I have a PhD in Political Science from Yale University in 1986. I teach and conduct research in the field of international relations. I am Director of CIDCM and the Editor of the Journal of Conflict Resolution.
Outside of work, I enjoy a wide range of sports and trying to keep up with my two sons. I also enjoy traveling to sample new cuisines and visit historic sites.
Areas of Interest
- International war and crises
- Territorial disputes
- International law
- Deterrence theory
- Civil war and insurgency
One of my priorities is to try and integrate students into my ongoing research projects as a way to advance their understanding of literatures and how research is actually conducted. This is particularely important I think for graduate students. At the undergraduate level, I think it is also important to link scholarly literatures and debates to real-world events so that they better understand the relevance and applicability of the academic work.
I seek to develop and empirically test theories on conflict behavior and its resolution. The subjects addressed in my research include interstate armed conflict and war, inter-state territorial disputes, international law and dispute resolution, civil war onset and termination, deterrence theory, civilian consequences of war, international aid and civil conflict. I regularly use statistical methods in my emprical tests and I invest considerable time and effort in developing new data sets for large-N analyses. I enjoy collaborative work with faculty and graduate students and co-author on a regular basis. I look to publish in the top journals and university presses.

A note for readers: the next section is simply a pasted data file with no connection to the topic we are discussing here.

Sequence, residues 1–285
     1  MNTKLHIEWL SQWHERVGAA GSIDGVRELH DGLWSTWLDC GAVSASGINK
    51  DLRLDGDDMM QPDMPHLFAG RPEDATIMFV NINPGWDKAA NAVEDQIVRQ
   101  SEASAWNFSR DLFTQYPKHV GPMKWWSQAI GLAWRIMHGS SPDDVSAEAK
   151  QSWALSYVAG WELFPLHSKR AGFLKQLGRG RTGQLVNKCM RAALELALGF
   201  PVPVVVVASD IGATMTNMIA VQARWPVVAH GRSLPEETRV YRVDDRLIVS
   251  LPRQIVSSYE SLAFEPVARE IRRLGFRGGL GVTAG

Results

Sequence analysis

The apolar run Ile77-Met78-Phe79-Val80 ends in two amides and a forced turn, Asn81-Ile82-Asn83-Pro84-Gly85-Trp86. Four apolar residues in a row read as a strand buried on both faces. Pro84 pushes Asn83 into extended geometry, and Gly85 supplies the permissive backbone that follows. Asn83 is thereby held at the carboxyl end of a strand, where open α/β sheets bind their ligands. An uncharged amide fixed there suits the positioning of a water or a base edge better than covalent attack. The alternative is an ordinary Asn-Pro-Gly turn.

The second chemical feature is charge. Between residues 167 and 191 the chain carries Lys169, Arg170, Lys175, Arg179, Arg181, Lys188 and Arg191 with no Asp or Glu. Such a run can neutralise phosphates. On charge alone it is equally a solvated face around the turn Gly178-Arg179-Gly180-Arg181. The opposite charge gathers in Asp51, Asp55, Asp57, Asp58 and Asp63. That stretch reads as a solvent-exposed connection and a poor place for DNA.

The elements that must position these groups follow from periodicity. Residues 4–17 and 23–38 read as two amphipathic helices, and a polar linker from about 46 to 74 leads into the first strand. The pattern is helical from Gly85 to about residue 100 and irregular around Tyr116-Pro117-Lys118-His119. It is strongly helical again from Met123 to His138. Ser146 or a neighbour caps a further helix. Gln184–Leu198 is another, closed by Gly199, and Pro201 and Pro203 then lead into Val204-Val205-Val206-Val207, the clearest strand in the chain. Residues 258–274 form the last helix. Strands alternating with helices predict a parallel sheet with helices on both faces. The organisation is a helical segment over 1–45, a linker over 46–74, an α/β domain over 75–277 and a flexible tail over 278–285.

In addition to supporting the full range of Departmental and College-level service activities that are expected of faculty, I also look to provide research that is policy-relevant to government officials and international organizations. This reflects my belief that the research and findings generated by social scientists has many insights to offer on vital policy issues and problems facing policymakers.